Jump to content
Gibson Brands Forums

Red 333

All Access
  • Content Count

  • Joined

  • Last visited

  • Days Won


Red 333 last won the day on December 22 2018

Red 333 had the most liked content!

Community Reputation

136 Good

1 Follower

About Red 333

  • Rank
    Advanced Member

Recent Profile Visitors

The recent visitors block is disabled and is not being shown to other users.

  1. For many years, and until the last four or five, most imported Epiphone acoustics were long-scale. Not only that, the bodies of the slope shoulder models (like the JL EJ-160e) were also differently proportioned to the Gibson originals. The Pac-Rim manufactures (who were contracted by Epiphone to make guitars for them) were adept making affordable Martin style and proportioned acoustics, and simply softened the shoulders of the long-scale dreads they made to produce an inexact Gibson slope shape. To change the body shape and scale length more would have required a bigger investment than they we
  2. Your guitar neck is constructed with what is called a "stacked heel"--the heel is made of several pieces. It looks to me like the piece closest to the back of the body may not have been planed as to fit to the body just so, or perhaps the channel for the binding (the groove the white plastic stripe fits in) was imperfect, or the groove was ok but the width of the binding itself is not consistent there. Any of those things could account for that slight gap (given that it didn't just suddenly appear). It's also possible that that piece of the stacked heel shrunk slightly, resulting in some separ
  3. I believe it's been gone for several years, at least. Red 333
  4. Yup. I have a solid topped Standard and a Sixties spec model with laminated top and adjustable bridge. I play the Standard a lot. It's not the most resonant of my slopes, but it has a very tight, muscular sound. I believe the way the bridge is relocated closer to the soundhole due to the neck joining the body at the 15th fret (instead if 14th, like a J-45) accounts for that. And for that reason, too, I think it has the most Gibson Thunk of any of my guitars. And it's dang cool looking. I wouldn't call it the traditionally best sounding of my guitars, or even my favorite, but it is distinct.
  5. Thanks to your post, I read up on them earlier. The Mean 90s do seem better suited to me. Thanks so much for your help and suggestions. Happy Thanksgiving.
  6. That looks fantastic. Very nice mods. Did those P-90s drop right in? I'd like to do that with an IBG ES-335. Red 333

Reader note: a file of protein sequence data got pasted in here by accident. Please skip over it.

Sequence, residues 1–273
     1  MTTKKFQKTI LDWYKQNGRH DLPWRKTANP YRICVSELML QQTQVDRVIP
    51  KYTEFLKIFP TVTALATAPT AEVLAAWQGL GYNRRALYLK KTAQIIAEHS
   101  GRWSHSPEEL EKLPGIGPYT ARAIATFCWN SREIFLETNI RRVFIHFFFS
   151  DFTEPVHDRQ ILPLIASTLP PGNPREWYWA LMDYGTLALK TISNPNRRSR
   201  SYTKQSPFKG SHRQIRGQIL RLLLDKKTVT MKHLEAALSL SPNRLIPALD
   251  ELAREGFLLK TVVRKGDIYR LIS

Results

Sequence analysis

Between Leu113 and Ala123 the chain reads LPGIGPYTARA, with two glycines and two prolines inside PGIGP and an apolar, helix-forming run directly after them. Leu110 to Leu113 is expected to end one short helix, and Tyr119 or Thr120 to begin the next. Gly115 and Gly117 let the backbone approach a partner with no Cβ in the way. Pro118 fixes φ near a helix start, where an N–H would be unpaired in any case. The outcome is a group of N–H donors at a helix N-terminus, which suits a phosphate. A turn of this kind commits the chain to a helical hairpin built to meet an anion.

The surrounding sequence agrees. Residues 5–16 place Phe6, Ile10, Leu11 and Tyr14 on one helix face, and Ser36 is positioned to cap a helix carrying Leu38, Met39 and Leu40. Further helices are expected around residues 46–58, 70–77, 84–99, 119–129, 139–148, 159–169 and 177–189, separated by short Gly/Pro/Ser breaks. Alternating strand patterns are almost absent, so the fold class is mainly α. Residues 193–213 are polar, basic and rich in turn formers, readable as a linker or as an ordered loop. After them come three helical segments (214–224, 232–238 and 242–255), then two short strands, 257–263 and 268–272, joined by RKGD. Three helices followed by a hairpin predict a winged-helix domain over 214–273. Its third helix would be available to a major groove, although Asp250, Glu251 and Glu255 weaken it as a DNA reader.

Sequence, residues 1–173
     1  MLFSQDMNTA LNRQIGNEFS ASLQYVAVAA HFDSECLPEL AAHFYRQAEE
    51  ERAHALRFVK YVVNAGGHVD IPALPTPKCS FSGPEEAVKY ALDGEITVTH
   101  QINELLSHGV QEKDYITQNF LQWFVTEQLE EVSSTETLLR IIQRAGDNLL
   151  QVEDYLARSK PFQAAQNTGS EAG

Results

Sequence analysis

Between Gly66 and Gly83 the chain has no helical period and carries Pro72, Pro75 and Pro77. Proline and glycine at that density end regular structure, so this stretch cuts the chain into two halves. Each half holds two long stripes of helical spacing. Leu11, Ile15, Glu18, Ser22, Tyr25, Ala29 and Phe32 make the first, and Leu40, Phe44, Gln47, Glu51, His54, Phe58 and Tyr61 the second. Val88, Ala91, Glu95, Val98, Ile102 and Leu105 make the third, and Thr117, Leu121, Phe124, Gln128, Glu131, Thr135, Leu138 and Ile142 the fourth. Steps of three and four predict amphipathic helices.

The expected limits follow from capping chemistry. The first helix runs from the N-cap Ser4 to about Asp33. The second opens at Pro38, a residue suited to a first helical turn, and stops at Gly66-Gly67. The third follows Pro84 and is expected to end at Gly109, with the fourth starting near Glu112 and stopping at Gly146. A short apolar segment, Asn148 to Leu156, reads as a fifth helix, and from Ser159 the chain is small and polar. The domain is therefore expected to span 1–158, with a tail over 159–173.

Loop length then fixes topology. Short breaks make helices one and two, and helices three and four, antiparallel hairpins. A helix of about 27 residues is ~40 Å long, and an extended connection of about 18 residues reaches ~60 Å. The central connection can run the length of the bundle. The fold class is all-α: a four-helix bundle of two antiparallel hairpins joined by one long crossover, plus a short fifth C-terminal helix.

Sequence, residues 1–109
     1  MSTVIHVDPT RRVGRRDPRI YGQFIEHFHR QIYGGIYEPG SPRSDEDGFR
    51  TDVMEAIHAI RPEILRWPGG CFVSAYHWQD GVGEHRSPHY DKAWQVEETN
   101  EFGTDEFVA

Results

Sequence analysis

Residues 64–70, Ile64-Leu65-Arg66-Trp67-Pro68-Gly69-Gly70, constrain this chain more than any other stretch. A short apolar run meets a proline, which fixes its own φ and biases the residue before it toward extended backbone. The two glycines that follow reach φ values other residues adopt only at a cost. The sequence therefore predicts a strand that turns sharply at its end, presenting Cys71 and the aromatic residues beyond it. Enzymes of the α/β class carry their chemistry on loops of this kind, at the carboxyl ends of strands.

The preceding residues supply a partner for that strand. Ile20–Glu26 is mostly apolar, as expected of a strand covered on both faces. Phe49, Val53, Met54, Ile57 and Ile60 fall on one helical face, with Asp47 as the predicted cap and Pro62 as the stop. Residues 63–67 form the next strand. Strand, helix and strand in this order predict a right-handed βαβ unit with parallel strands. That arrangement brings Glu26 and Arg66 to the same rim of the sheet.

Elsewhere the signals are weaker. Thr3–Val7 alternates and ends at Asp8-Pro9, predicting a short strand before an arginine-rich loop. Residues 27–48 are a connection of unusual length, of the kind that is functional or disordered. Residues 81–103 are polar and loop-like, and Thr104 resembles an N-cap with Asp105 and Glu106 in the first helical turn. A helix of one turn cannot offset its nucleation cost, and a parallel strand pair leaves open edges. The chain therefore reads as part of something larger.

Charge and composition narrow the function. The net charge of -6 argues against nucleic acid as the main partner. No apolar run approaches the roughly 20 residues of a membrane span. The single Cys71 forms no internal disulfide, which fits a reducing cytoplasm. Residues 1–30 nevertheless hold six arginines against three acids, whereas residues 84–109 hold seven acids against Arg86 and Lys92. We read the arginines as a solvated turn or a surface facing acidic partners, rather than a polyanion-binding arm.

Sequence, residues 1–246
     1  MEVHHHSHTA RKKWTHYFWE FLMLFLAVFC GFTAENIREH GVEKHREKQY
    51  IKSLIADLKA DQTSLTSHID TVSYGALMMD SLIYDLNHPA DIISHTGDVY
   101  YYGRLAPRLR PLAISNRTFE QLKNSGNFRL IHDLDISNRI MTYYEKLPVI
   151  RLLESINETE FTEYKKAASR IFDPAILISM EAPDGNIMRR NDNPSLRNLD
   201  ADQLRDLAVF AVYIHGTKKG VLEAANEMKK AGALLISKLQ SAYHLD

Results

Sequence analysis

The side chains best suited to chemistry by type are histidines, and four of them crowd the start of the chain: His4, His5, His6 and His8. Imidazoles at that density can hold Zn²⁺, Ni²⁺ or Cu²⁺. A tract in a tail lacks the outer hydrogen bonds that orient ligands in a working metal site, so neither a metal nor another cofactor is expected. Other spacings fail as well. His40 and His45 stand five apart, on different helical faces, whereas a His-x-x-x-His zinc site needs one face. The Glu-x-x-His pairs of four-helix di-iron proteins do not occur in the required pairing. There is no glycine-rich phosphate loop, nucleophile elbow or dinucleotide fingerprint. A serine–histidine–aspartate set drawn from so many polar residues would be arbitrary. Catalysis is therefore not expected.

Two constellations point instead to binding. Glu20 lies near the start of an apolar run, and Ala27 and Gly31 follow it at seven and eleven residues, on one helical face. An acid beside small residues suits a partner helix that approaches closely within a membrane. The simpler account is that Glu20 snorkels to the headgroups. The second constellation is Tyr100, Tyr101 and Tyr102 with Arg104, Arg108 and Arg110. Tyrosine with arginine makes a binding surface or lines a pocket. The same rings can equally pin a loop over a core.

7. It looks fake, but more photos would let us reach a more definitive conclusion.
  8. When someone comes over and plays one of my guitars, I'm often astounded how much different it sounds from a listener's perspective than what I'm used to in the player's position. That said, I think these sound very nice, and represent a terrific value. They also sound different from the round and square shouldered all solid wood and similarly speced Masterbilts (which are also very pleasing sounding guitars). This leads me to think they are braced differently, and not simply the AJ500M and DR500M appointed with Gibson cosmetics. And though my experience with it was limited, this also seemed
  9. Plus bird's beak on the fretboard, two-piece neck with mahogany stripe, and a much more modest rosette (a good thing in my opinion)!
  10. The AMS printed catalog also shows an all solid wood Masterbilt Hummingbird. Red 333
  11. So glad you found one and like it. It's good to learn how it compares to the excellent original Masterbilts. I hope you enjoy it for years Red 333
  12. UK luthier, you are right. As you surely must know, it takes a lot of skill to work with hot hide glue, as there is actually less open time to get parts in place before it begins to bond and the parts can't be refit or rearranged as compared to synthetic wood glues. I was wrong to say to was more slow drying. It is less efficient in mass assembly though--especially when building a lower cost instrument, because not only would workers be required to be more skilled to use it, the entire building process would have to be more precise as well. Besides just being easier to work with (and less st
  13. Delrin is a synthetic material similar to the Nylon 6/6 material that Gibson and Epiphone used for nuts in the '50s and '60s. It imparts a unique tone different from bone, as it seems to make for a softer attack and more snarl (at least to my ears). Since George's guitar is of that vintage, it makes sense to use it in order to best try to reproduce hs guitar's characteristics. I have a delrin nut on my James Bay 1966 Century, John Lennon Revolution and 1965 Casinos, McCartney Texan, and Gibson John Lennon J-160e. I believe the high-end Gibson Historic Les Paul reissues like the R59s, etc. have
  14. Yes indeed. I have mine. It's a fantastic guitar, and unique in the Gibson/Epiphone line up. Mine doesn't have a pick guard. I have a Gibson 12 fret Rosewood Stage Deluxe, too, and the cedar topped Epiphone holds its own with it. Enjoy yours! Red 333
  • Create New...